• Two new domestic sales engineers were also added to our sales/service team in late 2013: Jim Walzer, handling liaison with Engineering Companies, Oil & Gas, Biodiesel and Bioenergy; and  Mike DiGiacomo, handling existing accounts and new inquiries in the western USA and Canada.  Great capabilities and experience, welcome additions to the Paratherm effort.
  • Paratherm director of technology Jim Oetinger will be speaking at the AICHE Spring Meeting in New Orleans, March/April 2014.  Stay tuned, we will update soon with details.

These are just a few of the many exciting things that will be taking place at Paratherm.  We hope that you and your families have a healthy and happy holiday season and New Year.  See you again in 2014!

Happy Holidays!!

Cleaning Your Heat Transfer Fluid System for Optimal Performance

If you use Paratherm’s high-quality thermal fluids, you probably know the heat transfer solutions they offer, and their many advantages.

But did you also know that it’s important to use a good cleaner in the system to keep it running optimally? Over time, sludge deposits can reduce the flow—and therefore, the heat transfer—in continuously running systems. Using a cleaner prevents this problem and eliminates any possible downtime.

Our Paratherm LC™ System Cleaner Liquid is made to clean your system and work in perfect harmony with our heat transfer fluids, and now through the end of November, we are offering it at a special 15% discount.

Used in mineral oil heat transfer fluid systems, this is an additive cleaner that is introduced in small concentrations—anywhere from three to 10% of the system volume.  You simply add the cleaner and run the system normally for a period of time, while the product dissolves and suspends the deposits. The system continues to run and produce as it normally does, meaning no slowdown or downtime, while its branded blend of additives and detergents dissolve deposits, sludge, and carbon.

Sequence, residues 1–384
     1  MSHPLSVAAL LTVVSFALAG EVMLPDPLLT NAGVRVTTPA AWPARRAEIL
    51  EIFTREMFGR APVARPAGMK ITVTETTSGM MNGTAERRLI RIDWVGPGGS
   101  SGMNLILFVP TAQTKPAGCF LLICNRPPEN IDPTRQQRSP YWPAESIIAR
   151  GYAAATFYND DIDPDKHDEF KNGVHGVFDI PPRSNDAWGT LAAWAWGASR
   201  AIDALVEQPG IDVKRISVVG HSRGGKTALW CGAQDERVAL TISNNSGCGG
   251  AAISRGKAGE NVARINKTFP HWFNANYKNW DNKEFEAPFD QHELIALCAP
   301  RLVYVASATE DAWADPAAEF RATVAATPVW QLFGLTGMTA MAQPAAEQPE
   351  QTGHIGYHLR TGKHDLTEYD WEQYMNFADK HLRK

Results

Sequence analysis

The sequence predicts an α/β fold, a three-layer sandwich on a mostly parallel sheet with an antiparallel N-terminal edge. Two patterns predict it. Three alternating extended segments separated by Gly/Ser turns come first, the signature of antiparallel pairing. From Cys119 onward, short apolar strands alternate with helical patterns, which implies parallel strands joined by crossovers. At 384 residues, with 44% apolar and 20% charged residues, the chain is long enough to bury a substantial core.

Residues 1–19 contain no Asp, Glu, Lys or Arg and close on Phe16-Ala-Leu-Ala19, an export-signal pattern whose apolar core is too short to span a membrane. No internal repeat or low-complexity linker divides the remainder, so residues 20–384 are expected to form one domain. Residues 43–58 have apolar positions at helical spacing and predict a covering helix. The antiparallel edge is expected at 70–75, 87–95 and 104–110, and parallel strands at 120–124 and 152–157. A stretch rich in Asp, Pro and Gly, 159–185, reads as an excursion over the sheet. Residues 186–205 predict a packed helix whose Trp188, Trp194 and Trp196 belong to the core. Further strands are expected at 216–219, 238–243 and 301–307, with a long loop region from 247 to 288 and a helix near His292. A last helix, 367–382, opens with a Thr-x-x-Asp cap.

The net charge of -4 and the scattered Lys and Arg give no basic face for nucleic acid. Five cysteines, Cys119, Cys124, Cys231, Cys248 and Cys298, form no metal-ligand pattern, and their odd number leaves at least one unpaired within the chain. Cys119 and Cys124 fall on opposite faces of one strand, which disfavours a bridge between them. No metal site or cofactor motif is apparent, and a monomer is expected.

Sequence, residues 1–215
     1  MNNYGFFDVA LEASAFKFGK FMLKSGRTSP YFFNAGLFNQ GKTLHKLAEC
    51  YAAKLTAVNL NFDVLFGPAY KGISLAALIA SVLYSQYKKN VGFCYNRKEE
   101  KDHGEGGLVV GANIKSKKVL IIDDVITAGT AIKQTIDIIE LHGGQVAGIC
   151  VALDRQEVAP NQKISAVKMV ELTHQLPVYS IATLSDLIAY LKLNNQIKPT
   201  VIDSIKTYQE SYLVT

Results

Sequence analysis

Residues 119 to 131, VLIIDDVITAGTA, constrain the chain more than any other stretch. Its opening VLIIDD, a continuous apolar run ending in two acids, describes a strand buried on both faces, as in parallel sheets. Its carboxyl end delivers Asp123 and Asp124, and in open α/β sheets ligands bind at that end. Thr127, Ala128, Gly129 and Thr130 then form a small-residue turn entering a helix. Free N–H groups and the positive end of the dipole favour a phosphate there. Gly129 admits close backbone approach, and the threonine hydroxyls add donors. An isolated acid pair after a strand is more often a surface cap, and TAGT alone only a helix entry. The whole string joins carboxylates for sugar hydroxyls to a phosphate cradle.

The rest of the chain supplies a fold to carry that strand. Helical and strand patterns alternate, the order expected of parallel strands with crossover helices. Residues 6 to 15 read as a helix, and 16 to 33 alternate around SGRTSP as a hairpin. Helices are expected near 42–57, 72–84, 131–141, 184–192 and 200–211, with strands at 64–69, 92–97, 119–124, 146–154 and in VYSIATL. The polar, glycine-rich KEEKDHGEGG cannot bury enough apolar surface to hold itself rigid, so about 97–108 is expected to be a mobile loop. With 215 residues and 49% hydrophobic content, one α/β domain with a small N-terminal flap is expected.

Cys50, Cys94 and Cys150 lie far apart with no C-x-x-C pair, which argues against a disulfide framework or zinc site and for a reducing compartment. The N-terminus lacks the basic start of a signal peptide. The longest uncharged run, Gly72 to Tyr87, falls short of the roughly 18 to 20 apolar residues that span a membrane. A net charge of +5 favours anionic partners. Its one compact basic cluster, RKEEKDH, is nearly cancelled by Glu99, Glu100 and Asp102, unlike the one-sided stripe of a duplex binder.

Fluid Samples in Jars

Severely Degraded Gelled Fluid, Used Fluid, and New Fluid (L to R)

The process takes anywhere from three weeks to three months, depending on the amount of deposits, after which you simply refill the system with new heat transfer fluid. And if you want to know how the system is running before and after using Paratherm LC™ system cleaner, we can perform a complete heat transfer fluid analysis, providing a full analysis report. If you’re not sure whether  your system is ready for the cleaner yet, the analysis will check its condition and answer any and all questions.

While Paratherm LC™ is the ideal cleaning product for dissolving deposits and sludge in mineral oil-based fluids, we also offer Paratherm AC™ for synthetic/organic-based fluids, and Paratherm SC™ to disintegrate carbon lumps in smaller electrically heated mineral oil-based units.

Not sure which product you need? You can view the line of cleaning products on our website (http://www.paratherm.com/system-cleaners/), or feel free to call us with any questions at 800-222-3611.

National Manufacturing Month

When Manufacturing Day launched on Oct. 4, 2012, hundreds of manufacturing companies and thousands of people participated in the first annual event highlighting the value of manufacturing to the United States economy and its highly skilled careers. This response prompted an extension of the day into the entire month of October.

Through a series of open houses, public tours, career workshops and other events on Oct., 4, 2013, and throughout the rest of the month, hundreds of manufacturers will draw public attention to manufacturing’s present-day reality by opening their doors and showing, in a coordinated effort, exactly what manufacturing and careers therein are — and what they aren’t.

Modern manufacturing environments are commonly thought of as dark, dangerous factories designed for low-skilled workers, when in fact today’s manufacturing environments include highly trained, well-paid employees who work on state-of-the-art equipment. Today’s manufacturing facilities are sleek, technology-driven places that include robots, automated machinery, screen technologies and increasingly more 3-D printing technologies. Present-day engineers and developers in manufacturing are building on engineers’ past technological innovations to create the next breakthroughs that will address tomorrow’s great challenges.

Ultimately, manufacturing is an attractive mixture of cutting-edge tech and traditional hands-on work. Many professionals today are so involved in their electronic and digital lives that they may feel removed from the actual “stuff” that they are involved in producing. Even while utilizing sophisticated digital tools, manufacturers have the unique benefit of being makers – working with the satisfaction of making real products for people.